why not "'in' in 'in'"?

Daniel Fackrell dfackrell at DELETETHIS.linuxmail.org
Thu Jun 13 19:07:03 CEST 2002

When all else fails, lets try throwing in some newbie exploration:

Python 2.2 (#28, Dec 21 2001, 12:21:22) [MSC 32 bit (Intel)] on win32
Type "copyright", "credits" or "license" for more information.
IDLE 0.8 -- press F1 for help
>>> print type("a")
<type 'str'>
>>> print type("ab")
<type 'str'>
>>> print type([1])
<type 'list'>
>>> print type([1,2])
<type 'list'>
>>> print type(1)
<type 'int'>
>>> if "a" in "ab":
    print "yes"
    print "no"

>>> if [1] in [1, 2]:
    print "yes"
    print "no"

>>> if 1 in [1, 2]:
    print "yes"
    print "no"


I can see the rationale here, as there isn't really a "character" type in
Python.  So what the "in" operator does in the case of a string as the
second operand is check the first operand to see if it can be interpreted as
a element of a string, which would be a character.

It does in fact appear to be inconsistent, but I'll have to leave it up to
people who know more about what they are doing than myself to figure out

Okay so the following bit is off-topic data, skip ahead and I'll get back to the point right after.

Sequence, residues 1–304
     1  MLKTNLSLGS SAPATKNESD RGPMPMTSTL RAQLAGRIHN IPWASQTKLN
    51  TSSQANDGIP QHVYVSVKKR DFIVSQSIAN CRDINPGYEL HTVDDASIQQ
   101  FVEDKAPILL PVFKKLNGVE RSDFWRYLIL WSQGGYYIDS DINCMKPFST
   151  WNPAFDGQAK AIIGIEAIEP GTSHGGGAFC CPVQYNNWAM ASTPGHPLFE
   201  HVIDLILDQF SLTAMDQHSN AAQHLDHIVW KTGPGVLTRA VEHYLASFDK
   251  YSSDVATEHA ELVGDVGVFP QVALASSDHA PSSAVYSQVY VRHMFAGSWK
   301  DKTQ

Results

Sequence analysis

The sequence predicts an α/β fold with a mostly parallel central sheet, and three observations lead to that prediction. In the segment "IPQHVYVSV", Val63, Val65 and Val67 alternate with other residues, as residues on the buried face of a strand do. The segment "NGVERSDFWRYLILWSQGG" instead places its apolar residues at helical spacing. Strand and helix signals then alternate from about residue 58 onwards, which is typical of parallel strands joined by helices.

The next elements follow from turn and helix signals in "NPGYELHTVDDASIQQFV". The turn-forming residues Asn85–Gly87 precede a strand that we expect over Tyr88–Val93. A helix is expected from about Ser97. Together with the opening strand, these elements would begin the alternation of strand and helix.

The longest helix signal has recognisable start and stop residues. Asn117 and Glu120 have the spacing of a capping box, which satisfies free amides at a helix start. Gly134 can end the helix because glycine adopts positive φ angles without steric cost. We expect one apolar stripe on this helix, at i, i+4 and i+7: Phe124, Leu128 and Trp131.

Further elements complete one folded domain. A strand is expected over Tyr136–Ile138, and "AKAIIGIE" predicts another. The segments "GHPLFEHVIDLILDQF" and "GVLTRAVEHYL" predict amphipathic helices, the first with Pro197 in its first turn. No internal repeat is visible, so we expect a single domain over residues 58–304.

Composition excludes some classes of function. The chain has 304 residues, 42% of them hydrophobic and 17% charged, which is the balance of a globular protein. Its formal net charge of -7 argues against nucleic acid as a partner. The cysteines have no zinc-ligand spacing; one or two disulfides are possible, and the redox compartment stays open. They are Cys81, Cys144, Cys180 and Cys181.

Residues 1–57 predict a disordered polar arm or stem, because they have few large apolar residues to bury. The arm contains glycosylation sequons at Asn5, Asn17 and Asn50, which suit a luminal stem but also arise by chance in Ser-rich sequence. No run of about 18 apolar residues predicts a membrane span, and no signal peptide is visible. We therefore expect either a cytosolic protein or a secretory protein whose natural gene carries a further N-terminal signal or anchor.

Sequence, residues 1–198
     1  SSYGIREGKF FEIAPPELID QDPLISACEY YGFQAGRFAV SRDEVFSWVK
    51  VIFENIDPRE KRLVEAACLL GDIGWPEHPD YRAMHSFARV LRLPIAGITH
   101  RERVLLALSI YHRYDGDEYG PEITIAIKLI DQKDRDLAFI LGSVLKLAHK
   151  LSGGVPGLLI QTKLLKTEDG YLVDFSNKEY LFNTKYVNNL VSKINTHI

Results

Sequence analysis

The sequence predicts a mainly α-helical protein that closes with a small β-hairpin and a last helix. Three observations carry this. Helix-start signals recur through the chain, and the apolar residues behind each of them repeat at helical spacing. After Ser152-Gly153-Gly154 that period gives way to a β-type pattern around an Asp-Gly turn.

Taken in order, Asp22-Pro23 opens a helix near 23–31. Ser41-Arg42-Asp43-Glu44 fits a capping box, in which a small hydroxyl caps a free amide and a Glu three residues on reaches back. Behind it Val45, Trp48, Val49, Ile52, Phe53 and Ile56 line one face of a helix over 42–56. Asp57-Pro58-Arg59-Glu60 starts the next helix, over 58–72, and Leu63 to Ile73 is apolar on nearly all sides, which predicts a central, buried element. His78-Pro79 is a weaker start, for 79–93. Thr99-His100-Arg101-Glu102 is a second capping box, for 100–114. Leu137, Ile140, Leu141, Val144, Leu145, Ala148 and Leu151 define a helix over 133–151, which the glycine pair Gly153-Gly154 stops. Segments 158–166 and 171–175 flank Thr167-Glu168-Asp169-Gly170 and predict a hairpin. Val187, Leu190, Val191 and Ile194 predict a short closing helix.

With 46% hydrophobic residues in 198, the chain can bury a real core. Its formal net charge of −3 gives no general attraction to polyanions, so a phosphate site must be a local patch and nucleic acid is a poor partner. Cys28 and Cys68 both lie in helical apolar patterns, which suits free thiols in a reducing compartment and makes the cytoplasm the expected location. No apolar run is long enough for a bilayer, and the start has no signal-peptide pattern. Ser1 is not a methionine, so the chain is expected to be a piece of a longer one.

what to do about it, if anything.  I'm not sure that the ideas that come to
mind (creating an actual "character" type or modifying the behavior as
proposed since we really have an exception here already) are any good.

Daniel Fackrell (dfackrell at linuxmail.org)
When we attempt the impossible, we can experience true growth.

"Grant Griffin" <not.this at seebelow.org> wrote in message
news:aeadtt06rq at drn.newsguy.com...
> That's not a bad suggestion, Mark, but if I did that I guess I would be
> wondering if I was testing whether the first one was in the second or the
> one was in the first.  Again, it doesn't read nearly as well as:
>    if x in subject:
>        ...
> which leaves no doubt.
> Ironically, that's already perfectly legal--so long as x has no more than
> character:
> >>> subject = "i like spam, i do."
> >>> x = "s"
> >>> y = "h"
> >>> if x in subject:
> ...    print "x is in subject and x has no more than one character"
> ...
> x is in subject and x has no more than one character
> >>> if y in subject:
> ...    print "same goes for y"
> ... else:
> ...    print "can't say the same for y"
> ...
> can't say the same for y
> >>>
> reluctant-to-discard-my-hard-won-near-mastery-of-"find"-ly y'rs,

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